Stepped tower of ancient Sumer / MON 10-23-17 / Online source of film trivia / Campus sanctuary in modern parlance / Kerchief worn as headgear

Monday, October 23, 2017

Constructor: Timothy Polin

Relative difficulty: Challenging for a Monday (3:38) (that's 40-ish seconds longer than average, an eternity on a Monday)


THEME: Periods — ordinary words ending in -AGE are imagined as phrases where the second word is AGE:

Theme answers:
  • ANCHORAGE (17A: Period dominated by the likes of Dan Rather and Peter Jennings?)
  • WRECKAGE (26A: Period when every car was a junker?)
  • BONDAGE (39A: Period known for its 007 movies?)
  • PILLAGE (41A: Period of fuzzy sweaters?)
  • COVERAGE (50A: Period when tribute bands thrived?)
  • SHRINKAGE (64A: Period when psychiatrists ruled?)
Word of the Day: MOUE (34A: Sour expression) —
noun
noun: moue; plural noun: moues
  1. a pouting expression used to convey annoyance or distaste. (Google)
• • •

This puzzle has a few things going for it. Sadly, none of those things have to do with the theme, which is kind of [Period associated with clothing?]. There are lots of words that end in -AGE. You can do this dumb theme all day long and then some. The clues are corny, and the gag wears out quickly. A "?" theme on a Monday is unusual, and unusually tough, though all the -AGEs made up for that somewhat, but then much of the rest of the grid was harder than usual to solve, so the overall result was a Challenging puzzle. Not off-the-charts hard for a Monday, but definitely on the hard side. But I don't mind that. I mind AGE AGE AGE AGE etc ad infinitum ad astra forever and ever. I also mind the tame clues. [Period of fuzzy sweaters?] for PILL AGE!? Wow. Lots better options on the table, there.


Oh, but back to the few things this puzzle has going for it: all the flashy long Downs. On a Monday, those are pretty nifty. Abutting long answers like that definitely opens things up (and generally adds to difficulty). Nice to have so much colorful fill early in the week. In general, the fill is decent. Not sure how we're getting OWIE *yet again*, but here we are. Actually, the more I look at the shorter stuff, the less decent it becomes, so let's just look at DUCK BLIND and BEHEADED and ZIGGURAT et all. Major hangups for me today:
  • Totally forgot IMDB existed. I just blanked. I never go there any more, so it went totally off my mental radar
  • IMAC, IPOD, IDUNNO (at 1-Down)
  • AMEN for AS IF (15A: "Yeah, right!") (note: "AS IF!" and "PHAT!" are both in "Clueless" (1995), which I just rewatched yesterday.)
  • TEENAGER for TEENIDOL (22D: Elvis in the 1950s or Justin Bieber in the 2010s)
  • I spelled ZIGGURAT all kinds of ways before the crosses helped me out with the vowels (25D: Stepped tower of ancient Sumer)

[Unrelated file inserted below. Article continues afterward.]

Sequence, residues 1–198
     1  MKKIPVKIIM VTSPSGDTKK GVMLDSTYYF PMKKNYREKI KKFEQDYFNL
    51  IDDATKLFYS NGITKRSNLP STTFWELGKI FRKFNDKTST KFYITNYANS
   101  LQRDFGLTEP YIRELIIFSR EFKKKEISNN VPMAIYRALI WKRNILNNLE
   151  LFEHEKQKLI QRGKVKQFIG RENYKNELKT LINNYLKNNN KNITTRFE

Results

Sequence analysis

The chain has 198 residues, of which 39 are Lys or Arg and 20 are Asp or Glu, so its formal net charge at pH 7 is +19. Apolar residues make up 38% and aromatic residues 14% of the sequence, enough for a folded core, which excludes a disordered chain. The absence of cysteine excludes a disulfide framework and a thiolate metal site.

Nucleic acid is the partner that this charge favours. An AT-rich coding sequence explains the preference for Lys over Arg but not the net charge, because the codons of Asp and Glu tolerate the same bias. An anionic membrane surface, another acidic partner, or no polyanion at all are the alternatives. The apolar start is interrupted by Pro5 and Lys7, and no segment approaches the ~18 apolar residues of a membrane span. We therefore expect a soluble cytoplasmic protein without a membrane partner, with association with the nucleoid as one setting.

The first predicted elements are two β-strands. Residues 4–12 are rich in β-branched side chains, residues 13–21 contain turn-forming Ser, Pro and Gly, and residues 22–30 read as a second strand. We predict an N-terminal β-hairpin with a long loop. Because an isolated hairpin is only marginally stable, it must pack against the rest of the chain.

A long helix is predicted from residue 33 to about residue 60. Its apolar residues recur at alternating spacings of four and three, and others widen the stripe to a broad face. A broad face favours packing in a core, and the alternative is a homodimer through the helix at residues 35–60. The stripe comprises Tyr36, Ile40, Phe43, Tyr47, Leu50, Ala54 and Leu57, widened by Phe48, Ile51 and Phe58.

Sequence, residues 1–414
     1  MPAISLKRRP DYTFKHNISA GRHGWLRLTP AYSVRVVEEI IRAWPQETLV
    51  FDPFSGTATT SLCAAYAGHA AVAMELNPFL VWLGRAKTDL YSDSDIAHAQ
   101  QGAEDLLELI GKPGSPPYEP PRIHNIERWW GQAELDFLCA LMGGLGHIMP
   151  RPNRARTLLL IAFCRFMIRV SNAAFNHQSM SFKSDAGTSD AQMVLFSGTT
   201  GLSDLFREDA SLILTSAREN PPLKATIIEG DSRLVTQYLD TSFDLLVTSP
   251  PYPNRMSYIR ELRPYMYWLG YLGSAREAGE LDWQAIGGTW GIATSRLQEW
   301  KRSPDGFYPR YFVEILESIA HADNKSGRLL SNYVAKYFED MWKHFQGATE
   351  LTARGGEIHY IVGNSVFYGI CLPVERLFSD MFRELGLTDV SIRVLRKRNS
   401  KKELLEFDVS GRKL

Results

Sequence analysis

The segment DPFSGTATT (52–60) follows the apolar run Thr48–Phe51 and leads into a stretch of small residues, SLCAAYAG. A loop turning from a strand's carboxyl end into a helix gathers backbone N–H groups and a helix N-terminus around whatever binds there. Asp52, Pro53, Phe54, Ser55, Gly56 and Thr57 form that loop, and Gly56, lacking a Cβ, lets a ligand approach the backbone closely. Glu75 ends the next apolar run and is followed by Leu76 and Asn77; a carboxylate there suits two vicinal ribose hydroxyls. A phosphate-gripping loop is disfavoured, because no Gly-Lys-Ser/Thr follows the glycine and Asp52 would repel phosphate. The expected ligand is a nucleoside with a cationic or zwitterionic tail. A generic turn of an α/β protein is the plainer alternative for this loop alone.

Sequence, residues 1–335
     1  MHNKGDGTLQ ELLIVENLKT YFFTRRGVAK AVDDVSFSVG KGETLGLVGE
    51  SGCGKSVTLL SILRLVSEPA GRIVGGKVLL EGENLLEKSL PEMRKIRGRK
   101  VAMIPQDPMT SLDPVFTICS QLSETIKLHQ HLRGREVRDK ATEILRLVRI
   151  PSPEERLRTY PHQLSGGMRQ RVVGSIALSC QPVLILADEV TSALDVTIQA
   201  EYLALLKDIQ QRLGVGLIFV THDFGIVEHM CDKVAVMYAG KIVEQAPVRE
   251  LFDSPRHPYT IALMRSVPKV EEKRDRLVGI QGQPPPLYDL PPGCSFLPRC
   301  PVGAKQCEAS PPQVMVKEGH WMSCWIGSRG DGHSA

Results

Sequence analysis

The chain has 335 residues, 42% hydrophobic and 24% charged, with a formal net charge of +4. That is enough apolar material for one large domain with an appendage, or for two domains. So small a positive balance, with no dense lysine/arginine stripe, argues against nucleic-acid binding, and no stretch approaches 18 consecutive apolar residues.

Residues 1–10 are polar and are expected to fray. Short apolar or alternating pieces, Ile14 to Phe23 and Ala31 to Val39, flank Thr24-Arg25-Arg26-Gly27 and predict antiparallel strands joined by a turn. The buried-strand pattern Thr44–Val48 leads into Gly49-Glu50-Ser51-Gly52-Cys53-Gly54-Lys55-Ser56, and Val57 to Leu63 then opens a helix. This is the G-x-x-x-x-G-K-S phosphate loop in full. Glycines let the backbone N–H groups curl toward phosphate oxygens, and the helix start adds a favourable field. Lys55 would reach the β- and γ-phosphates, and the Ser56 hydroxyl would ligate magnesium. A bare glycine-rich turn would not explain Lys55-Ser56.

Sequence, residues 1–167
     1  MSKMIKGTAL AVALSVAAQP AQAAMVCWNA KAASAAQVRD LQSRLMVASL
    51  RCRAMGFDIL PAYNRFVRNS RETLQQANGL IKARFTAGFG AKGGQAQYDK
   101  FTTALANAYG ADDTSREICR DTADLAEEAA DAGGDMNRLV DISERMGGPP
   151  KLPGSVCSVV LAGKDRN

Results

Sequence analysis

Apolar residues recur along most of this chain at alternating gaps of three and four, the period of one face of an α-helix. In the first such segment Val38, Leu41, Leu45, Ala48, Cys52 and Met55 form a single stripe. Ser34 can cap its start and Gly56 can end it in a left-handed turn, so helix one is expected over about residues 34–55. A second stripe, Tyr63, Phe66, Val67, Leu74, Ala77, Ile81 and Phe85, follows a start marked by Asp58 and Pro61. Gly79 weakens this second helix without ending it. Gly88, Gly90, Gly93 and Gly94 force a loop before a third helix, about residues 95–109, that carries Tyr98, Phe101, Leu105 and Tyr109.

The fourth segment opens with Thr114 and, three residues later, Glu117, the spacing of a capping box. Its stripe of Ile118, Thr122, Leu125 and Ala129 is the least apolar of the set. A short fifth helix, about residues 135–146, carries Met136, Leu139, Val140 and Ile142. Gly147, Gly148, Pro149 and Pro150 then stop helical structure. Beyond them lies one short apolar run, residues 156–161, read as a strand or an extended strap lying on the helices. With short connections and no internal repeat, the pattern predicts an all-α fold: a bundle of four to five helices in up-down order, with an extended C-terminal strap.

See you Tuesday.

Signed, Rex Parker, King of CrossWorld

[Follow Rex Parker on Twitter and Facebook]

75 comments:

Trombone Tom 12:25 AM  

Well the blogger hiccuped and ate my comment. I think I said that I didn't encounter the difficulties @Rex met with. ZIGGURAT was a gimme because there is a stepped building across the river from downtown Sacramento locally known by that name.

I didn't think this should get a challenging rating, but it was nicely crunchy for a Monday. I enjoyed it.

Johnny 12:33 AM  


I thought this was an outstanding puzzle; challenging for a Monday but gettable all around. I figured out the theme by the WRECKAGE and went and searched for the rest and started solving them (that's fun for me) and then I had the whole grid filled except for the entire SW corner. I had no crosses there. But I went in and got it, and then had to correct SAFEplACE to SAFESPACE.

I give this an A+ and the -AGE part is great.

Paul Rippey 1:29 AM  

Mulan has a cross dresser in it? Makes me want to see it...

jae 2:29 AM  

Medium for me. Some fine long downs. Liked it.

chefwen 2:37 AM  

One writeover, CAKED over CAKEy. No biggie. Super easy and a fun theme, loved it.

ZIGGURAT was a learning moment, Googled it after finishing, interesting. I’m amazed I had never come across it before.

Hartley70 2:46 AM  

I nominate ZIGGURAT as word of the day, not cute little MOUE. I see little French red lips making a MOUE. ZIGGURAT has some serious heft and came to me on a wing and a prayer. I have no idea it's point of origin, perhaps junior high "Ancient History" class.

I'm late to yesterday's party, but for the life of me I can't understand the trolls here. The week before last they were harassing the blog with offensive political posts. I guess they weren't getting enough attention so they have moved on to @Z and now @Nancy. Both of these regulars are well able to weather the ridiculous insults and frankly the troll attacks just make the rest of us value their contributions to the legitimate daily dialogue even more. May I suggest that the trolls consider joining a gym and venting their spleens in exercise. At least they would be accomplishing something beneficial to their health and, hopefully, ours.

chefwen 3:04 AM  

@Hartley70 - Hitting the like button for your comment.

Blog Rule Number 1 3:27 AM  

DON'T FEED THE TROLLS!

Loren Muse Smith 4:11 AM  

Weird. Saturday my husband had some college football game on, and an announcer said blah blah blah stoppages blah blah. I said, why can’t we just say stops? Why do we have to say stoppage?

Mr. Parcels taught me at Georgia Southern that usage was specifically for grammar stuff and use for everything else, but lots of people seem to have missed that memo.

And… I made a joke here awhile back about our adage – the commercials on tv, their length and frequency – are beyond ridiculous.